A couple of years ago, I found myself standing on the top deck of a Norwegian coastal liner, the Hurtigruten. The night was pitch black, it was way below zero degrees, and we stared at the sky, our necks cricked in the cold as we attempted to capture the Northern Lights.
Then, another Australian reemerged from the warm cabins below to show us a magnificent photo of the aurora phenomenon. Where’s this? we all asked. It’s in Tasmania, he said. The Australians in the group noted it was a good 15 degrees warmer and 23 hours closer to home. So on my list for this year is to see our own Aurora Australis, the Southern Lights.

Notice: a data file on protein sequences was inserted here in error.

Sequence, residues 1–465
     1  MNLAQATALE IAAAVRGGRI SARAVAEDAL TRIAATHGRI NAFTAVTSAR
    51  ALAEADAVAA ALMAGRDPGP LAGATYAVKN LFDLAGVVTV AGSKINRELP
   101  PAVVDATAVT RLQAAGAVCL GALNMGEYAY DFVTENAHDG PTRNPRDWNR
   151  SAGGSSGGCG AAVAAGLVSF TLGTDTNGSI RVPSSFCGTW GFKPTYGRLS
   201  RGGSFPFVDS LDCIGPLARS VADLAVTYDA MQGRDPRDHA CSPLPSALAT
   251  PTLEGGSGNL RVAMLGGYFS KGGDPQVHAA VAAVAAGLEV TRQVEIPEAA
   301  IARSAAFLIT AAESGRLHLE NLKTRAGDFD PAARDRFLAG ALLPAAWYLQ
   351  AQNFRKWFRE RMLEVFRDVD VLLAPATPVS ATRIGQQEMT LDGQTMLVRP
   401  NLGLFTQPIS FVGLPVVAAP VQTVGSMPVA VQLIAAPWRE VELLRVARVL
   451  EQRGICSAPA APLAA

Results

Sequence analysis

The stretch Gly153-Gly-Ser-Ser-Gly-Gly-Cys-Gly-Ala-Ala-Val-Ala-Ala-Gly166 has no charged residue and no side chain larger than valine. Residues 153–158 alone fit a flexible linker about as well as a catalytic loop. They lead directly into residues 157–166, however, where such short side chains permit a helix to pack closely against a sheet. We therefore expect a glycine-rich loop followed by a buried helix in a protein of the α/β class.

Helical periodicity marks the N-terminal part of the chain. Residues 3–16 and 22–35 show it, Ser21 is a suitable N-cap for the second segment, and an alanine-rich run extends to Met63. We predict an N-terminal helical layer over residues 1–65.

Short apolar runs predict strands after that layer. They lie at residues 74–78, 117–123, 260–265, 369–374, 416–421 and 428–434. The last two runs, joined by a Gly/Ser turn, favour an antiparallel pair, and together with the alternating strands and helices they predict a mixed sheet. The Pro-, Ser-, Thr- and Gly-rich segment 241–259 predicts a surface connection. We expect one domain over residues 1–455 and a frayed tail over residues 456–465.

I got in touch with one of Tassie’s best-known aurora chasers, Margaret Sonnemann, founder of the Aurora Australis Tasmania Facebook group and author of The Aurora Chaser’s Handbook for her tips.
Happily, she says, you can see the Aurora Australis all year round in Tasmania, one of the landmasses closest to the South Magnetic Pole, which is where aurorae originate from. She shares camera tips as well as her favourite viewing points.